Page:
Conference Agenda

Session
RN11_03a: Mobilisation, Resistance and Emotion
Time:
Wednesday, 21/Aug/2019:
4:00pm - 5:30pm

Session Chair: Yvonne Albrecht, Humboldt Universität zu Berlin
Location: BS.3.26
Manchester Metropolitan University Building: Business School, Third Floor, North Atrium Oxford Road

Presentations

The Strategic Use of Emotions in Recruitment Strategies of Armed Groups: The Case of the Liberation Tigers of Tamil Eelam (LTTE)

Larissa Daria Meier

Scuola Normale Superiore, Italy

What kind of emotions do armed groups use to recruit members and how do they use them? In this paper, I show that armed groups use “emotion work” (Hochschild 1979) as a part of their strategy to mobilize fighters. They try to appeal not only to people`s self-interest or reason but to their values and normative judgements too, and they do so by evoking emotions.

Once confronted with falling numbers of volunteers, the LTTE stepped up an extensive recruitment campaign targeting young Tamils living in the territory they controlled. I use data from 45 interviews with former members of the LTTE and civilians who have been living in the warzones to show that emotions were a central element of this recruitment strategy.

In order to analyse the role of emotions in recruitment, I build on research on mobilization and emotion in social movement and contentious politics and propose an analytical framework linking different types of collective action frames with different emotions they provoke and the mechanisms through which they facilitate recruitment. I find that the LTTE used interpretative frames (identification of common grievances and responsible actors) to create resentment. This emotional response together with the cognitive effects of the frames increase polarization among social groups – an important component of mobilization into militancy. Additionally, the LTTE used motivational frames in order to provoke anger and shame. These emotions increase the salience of frames to targets of mobilization. People feel personally affected and develop a sense of an inner emotional and moral obligation to take action and to redress (perceived) grievances.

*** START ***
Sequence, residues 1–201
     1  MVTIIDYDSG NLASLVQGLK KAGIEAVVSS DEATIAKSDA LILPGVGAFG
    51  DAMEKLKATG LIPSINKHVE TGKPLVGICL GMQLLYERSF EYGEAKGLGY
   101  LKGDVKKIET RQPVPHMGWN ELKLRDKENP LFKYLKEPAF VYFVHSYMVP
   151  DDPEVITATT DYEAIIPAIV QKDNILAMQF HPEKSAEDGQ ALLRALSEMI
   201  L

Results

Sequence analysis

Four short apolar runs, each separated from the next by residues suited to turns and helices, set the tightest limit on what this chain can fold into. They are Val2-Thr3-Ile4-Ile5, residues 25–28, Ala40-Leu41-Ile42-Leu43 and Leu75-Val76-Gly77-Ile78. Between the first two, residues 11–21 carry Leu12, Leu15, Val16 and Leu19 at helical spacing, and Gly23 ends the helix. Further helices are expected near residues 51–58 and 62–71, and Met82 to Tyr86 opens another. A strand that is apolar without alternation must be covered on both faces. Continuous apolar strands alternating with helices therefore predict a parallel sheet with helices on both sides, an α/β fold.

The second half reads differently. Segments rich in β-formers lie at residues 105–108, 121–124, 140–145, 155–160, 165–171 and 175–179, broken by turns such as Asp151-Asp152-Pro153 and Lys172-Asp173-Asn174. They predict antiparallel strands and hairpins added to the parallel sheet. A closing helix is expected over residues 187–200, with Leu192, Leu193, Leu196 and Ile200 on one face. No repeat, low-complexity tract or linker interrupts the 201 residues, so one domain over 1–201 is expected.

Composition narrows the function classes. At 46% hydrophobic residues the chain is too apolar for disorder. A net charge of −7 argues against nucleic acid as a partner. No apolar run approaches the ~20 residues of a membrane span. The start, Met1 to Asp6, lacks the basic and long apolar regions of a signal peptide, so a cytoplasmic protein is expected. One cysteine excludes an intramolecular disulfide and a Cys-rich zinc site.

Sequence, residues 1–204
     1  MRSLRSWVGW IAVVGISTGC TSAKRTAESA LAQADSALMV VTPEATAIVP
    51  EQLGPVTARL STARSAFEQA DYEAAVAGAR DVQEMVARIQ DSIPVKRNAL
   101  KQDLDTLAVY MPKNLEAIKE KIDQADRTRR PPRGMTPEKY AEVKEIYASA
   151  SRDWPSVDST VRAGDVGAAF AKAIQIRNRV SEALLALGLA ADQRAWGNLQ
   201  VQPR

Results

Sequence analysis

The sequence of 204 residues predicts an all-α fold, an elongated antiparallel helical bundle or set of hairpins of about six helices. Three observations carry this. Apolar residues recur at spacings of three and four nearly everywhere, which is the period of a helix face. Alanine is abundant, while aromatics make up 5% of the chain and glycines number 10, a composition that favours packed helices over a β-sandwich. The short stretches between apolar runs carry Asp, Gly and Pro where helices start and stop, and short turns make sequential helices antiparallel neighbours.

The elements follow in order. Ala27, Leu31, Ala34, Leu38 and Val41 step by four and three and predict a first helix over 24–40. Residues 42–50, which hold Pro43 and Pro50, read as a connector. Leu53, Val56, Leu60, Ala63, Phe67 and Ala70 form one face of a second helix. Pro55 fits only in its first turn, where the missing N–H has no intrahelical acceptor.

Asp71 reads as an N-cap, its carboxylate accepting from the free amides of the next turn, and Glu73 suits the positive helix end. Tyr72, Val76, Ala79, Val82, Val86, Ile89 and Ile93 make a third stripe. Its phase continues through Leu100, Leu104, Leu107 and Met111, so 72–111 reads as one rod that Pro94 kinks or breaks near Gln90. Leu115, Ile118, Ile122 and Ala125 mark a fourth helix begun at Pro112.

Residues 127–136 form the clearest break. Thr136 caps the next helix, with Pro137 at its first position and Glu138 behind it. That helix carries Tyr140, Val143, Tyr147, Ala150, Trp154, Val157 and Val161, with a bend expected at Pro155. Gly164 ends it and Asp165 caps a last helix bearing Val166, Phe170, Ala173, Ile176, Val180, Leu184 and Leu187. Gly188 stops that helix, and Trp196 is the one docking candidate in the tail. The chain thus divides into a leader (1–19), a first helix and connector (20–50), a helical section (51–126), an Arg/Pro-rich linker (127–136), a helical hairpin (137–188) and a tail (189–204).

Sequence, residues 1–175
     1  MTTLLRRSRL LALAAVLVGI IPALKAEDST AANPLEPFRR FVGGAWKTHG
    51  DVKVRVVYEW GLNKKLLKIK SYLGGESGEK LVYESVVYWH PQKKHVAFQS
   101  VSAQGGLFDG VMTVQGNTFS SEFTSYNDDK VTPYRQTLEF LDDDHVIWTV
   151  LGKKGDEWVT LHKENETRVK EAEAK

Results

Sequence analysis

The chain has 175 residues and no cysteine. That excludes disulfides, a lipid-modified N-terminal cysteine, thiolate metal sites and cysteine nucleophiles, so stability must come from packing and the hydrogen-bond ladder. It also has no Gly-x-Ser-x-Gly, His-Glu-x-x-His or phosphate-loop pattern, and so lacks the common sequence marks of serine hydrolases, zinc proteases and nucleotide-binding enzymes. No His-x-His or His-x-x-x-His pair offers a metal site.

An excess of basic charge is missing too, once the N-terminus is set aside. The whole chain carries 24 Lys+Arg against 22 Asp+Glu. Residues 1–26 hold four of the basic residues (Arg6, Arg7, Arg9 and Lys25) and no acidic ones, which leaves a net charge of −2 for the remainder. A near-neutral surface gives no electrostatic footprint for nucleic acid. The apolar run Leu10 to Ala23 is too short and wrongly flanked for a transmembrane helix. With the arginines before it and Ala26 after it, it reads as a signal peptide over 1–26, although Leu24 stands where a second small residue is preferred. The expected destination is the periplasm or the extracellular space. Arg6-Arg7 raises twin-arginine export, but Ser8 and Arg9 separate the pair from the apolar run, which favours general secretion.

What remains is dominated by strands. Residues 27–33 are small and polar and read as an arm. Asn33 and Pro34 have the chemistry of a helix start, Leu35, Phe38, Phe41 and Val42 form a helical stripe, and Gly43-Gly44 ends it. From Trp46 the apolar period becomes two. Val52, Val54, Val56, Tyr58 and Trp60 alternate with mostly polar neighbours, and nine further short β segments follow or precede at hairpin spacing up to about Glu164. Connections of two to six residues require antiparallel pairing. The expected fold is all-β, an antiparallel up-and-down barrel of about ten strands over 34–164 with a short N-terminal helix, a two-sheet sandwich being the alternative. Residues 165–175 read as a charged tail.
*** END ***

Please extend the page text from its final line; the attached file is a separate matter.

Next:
Storytelling and Emotional Engagement in Social Communication: the Italian Donation Campaigns.

Gea Ducci

University of Urbino Carlo Bo, Italy

The paper offers reflections on how non-profit and public sector organizations, in the network society, make communication campaigns aimed at sensitizing the population on socially relevant issues, such as health and well-being, using storytelling and communicative registers that arouse emotions in the publics, online and offline. The social communication has a function of symbolic integration in the society and can arouse different emotions: from a friendly, shameful or reassuring, even ironic communication in which the theme (or a problem) is represented in its positive sense, to a communication that leverages feelings of fear (fear arousing appeal), until the tendency to strike terror.

In this framework, the paper illustrates a research, which aimed to analyze the communicative campaigns on the "donation" which have been conducted in Italy over the last five years, to understand some trends and principal characteristics. In particular, this study was intended to try to understand what communication strategies are adopted by non-profit organizations and public organizations and, above all, what kind of storytelling is choosed in recent years to encourage the emotional engagement of the public to whom the communication activities are oriented. The research is quantitative and qualitative, and is divided into two phases as follows: